Continuing my independent (i.e. not directly for the podcast) reading into the atheism debate:
Nearly done with the Karen Armstrong book. This is a good bit of secondary literature, with short summaries of the views re. God of a really impressively wide range of historical figures. Her overall view is that of apophatic, or negative theology, which is to say that an essential part of our experience is that language has limits, and that it helps us to get through life’s hardships if we can engage with this pull within us towards transcendence through devoted practice of some sort (ritual) and symbolic gestures (myths) towards this unknowable. Religious dogma and literalism entirely miss the point, and consequently atheistic attacks on these weak “fundamentalist” positions also miss the point. I’ve not sorted out exactly what I think about this but now have a number of potential authors for us to look at to explore this position.
I’ve also started a book Wes likes to bash, Richard Dawkins’s The God Delusion. I am initially pretty amused by it: a great work of original philosophy it is not, but it’s more thorough than I expected (given that he’s a non-philosopher!), and given that I’m sympathetic with the position on a political level, it doesn’t make me gnash my teeth in the way that a pro-religion book of equal erudition might. (And if anyone wants to recommend such a book to me, I might take a look…)
Dawkins’s book is not purely political, in that it does try to address, on all fronts, the readers’ possible reasons for believing in any kind of supernatural agency, but it surely is political, meaning that unlike Nietzsche or Freud who just found God an indefensible concept that required no refutation in their pursuit of truth, Dawkins is presenting a handbook for atheists to respond to the variety of pro-religious arguments, with the avowed aim of making atheism more mainstream by encouraging atheists to “come out of the closet.” He uses this gay analogy more than once.
We should well know by now that, politically, the important thing is not how good the arguments are, but how many people are making them, and how loudly. The arguments against gay marriage are and have always been pitiful, but it’s only been as advocates of the practice have become more socially prominent and numerous that the tide of public opinion and law has swept in the direction of its support.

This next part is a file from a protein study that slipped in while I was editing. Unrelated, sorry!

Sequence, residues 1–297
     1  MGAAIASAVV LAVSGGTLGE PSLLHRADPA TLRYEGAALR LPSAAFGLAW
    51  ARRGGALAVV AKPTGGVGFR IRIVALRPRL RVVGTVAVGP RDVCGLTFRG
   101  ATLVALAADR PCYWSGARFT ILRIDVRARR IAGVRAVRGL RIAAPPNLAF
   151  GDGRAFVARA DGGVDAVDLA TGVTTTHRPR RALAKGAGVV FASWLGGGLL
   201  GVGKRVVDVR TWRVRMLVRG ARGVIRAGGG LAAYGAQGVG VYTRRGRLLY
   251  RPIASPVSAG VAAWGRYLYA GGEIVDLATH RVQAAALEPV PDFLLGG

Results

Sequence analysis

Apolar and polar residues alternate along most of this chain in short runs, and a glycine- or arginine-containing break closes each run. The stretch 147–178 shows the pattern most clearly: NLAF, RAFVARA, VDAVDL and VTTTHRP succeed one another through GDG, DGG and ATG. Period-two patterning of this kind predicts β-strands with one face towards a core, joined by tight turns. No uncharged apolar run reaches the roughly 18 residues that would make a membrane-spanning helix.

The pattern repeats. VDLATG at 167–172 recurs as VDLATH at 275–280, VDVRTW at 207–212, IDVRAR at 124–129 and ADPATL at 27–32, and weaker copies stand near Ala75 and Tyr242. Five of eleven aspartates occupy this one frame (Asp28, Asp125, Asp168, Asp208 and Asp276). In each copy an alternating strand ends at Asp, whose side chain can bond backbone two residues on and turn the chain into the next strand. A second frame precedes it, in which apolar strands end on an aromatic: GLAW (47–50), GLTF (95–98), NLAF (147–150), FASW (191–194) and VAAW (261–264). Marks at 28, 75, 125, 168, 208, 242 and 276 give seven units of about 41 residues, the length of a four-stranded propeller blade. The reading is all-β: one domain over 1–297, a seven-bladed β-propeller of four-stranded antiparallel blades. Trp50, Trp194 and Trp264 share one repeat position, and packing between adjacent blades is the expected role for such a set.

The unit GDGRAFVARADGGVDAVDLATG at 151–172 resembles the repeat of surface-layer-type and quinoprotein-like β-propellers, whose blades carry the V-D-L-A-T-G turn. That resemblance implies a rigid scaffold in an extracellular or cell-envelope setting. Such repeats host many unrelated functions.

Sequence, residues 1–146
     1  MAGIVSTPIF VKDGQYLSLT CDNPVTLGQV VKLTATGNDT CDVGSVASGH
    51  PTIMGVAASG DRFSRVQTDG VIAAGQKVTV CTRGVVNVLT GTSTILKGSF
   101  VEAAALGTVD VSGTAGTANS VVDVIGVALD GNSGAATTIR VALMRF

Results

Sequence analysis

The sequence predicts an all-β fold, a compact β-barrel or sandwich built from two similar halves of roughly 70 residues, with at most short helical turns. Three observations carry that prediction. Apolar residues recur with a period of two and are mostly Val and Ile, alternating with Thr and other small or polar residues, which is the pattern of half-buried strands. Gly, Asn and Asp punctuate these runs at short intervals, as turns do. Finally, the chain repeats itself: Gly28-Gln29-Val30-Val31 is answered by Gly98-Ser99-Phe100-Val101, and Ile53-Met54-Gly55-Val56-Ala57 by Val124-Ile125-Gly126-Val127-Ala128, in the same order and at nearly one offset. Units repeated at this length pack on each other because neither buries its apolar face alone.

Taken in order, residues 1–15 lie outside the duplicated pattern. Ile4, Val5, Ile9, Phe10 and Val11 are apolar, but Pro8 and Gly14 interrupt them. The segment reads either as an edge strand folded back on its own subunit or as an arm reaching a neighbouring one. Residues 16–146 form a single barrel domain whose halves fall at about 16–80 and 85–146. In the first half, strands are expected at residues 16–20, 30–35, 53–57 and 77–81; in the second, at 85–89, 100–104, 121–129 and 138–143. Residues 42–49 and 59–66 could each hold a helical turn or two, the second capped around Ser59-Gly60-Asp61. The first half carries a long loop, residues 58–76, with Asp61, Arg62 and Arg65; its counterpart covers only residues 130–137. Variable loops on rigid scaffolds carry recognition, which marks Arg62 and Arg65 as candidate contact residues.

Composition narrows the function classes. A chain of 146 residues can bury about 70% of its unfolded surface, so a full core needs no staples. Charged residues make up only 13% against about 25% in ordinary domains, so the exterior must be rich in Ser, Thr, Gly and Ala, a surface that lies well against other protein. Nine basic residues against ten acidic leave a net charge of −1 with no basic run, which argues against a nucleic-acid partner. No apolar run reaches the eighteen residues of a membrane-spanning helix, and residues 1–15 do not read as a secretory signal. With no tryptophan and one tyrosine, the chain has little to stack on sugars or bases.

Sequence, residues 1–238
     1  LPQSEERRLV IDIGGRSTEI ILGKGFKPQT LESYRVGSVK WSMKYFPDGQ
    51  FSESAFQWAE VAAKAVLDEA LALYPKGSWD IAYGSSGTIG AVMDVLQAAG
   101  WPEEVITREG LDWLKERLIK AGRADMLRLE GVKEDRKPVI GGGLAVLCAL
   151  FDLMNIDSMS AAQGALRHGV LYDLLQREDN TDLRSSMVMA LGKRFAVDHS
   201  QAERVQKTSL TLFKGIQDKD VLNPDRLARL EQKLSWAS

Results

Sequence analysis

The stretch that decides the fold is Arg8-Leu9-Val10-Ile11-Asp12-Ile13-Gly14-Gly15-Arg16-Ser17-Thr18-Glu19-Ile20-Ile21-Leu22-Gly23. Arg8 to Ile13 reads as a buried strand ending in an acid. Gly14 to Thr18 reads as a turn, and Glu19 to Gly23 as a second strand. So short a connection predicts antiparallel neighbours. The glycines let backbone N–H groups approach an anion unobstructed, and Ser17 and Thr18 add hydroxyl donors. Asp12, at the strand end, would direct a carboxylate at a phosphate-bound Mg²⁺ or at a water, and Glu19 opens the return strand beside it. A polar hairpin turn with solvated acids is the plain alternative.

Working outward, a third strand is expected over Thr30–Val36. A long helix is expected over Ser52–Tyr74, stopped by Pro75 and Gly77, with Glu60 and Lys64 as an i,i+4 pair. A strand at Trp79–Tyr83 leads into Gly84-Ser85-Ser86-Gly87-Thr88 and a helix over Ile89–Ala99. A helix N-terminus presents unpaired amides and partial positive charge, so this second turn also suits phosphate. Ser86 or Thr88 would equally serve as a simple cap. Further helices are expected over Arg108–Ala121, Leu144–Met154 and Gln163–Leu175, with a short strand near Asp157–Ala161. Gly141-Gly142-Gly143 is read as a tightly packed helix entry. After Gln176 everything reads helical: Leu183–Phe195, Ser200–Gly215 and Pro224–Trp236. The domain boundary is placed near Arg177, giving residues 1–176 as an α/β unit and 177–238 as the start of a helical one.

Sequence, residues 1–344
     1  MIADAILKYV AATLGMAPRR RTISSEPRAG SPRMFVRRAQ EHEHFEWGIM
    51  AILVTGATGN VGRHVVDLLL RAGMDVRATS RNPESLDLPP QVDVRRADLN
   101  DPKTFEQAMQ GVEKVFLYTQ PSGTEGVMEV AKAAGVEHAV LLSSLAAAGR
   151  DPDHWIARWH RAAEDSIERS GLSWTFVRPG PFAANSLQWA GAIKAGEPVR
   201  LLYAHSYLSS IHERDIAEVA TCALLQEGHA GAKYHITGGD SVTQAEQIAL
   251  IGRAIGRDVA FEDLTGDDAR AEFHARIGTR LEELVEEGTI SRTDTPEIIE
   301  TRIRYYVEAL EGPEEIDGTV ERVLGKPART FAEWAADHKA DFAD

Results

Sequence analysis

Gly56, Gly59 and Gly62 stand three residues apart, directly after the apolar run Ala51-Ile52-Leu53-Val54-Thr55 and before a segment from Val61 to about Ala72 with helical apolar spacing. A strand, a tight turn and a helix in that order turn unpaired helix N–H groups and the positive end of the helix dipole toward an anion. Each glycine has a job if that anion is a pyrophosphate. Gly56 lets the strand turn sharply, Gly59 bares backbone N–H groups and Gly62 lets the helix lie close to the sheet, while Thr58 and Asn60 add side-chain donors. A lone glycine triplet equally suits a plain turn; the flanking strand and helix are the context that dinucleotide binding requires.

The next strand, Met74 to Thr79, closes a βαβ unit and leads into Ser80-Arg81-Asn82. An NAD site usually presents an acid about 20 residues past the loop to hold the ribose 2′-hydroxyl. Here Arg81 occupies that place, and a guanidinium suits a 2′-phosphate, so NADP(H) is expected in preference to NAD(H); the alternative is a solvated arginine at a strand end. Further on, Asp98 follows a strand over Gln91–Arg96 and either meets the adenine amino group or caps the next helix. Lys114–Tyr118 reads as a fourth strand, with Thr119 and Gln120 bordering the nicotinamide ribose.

Throughout most of my intellectual life (i.e. through college and grad school), I’ve cared almost nothing for politics, and in fact saw dwelling on political matters as a distraction from dealing with actual problems in your own life, just like wrapping yourself up in a sports team on which you do not play or any other kind of escapism. With a largely skeptical conclusion about my own powers of certainty and not seeing a lot of practical result of what insights I feel I have gained, using philosophical argument for political purposes seems one of the only potentially useful possibilities left for my experience. Still, most political arguments are themselves impotent: what does it matter if I add my voice, even with some additional subtlety, to the additional voices already out there preaching to the choir against conservatism or war or whatever? Putting on daily re-enactments on one’s blog of the Scopes monkey trial would just be irritating.
At this point, I’ll just raise contra Wes’s post re. skepticism the point that Dawkins’s atheism does not involve reaching beyond the bounds of the knowable to make claims with certainty about God’s non-existence. We can’t KNOW there’s no God, but Dawkins thinks that we have reasons to think God’s existence highly unlikely, and that’s really the point at issue: whether we can, or even must as a practical matter, make rough probability judgments about such matters.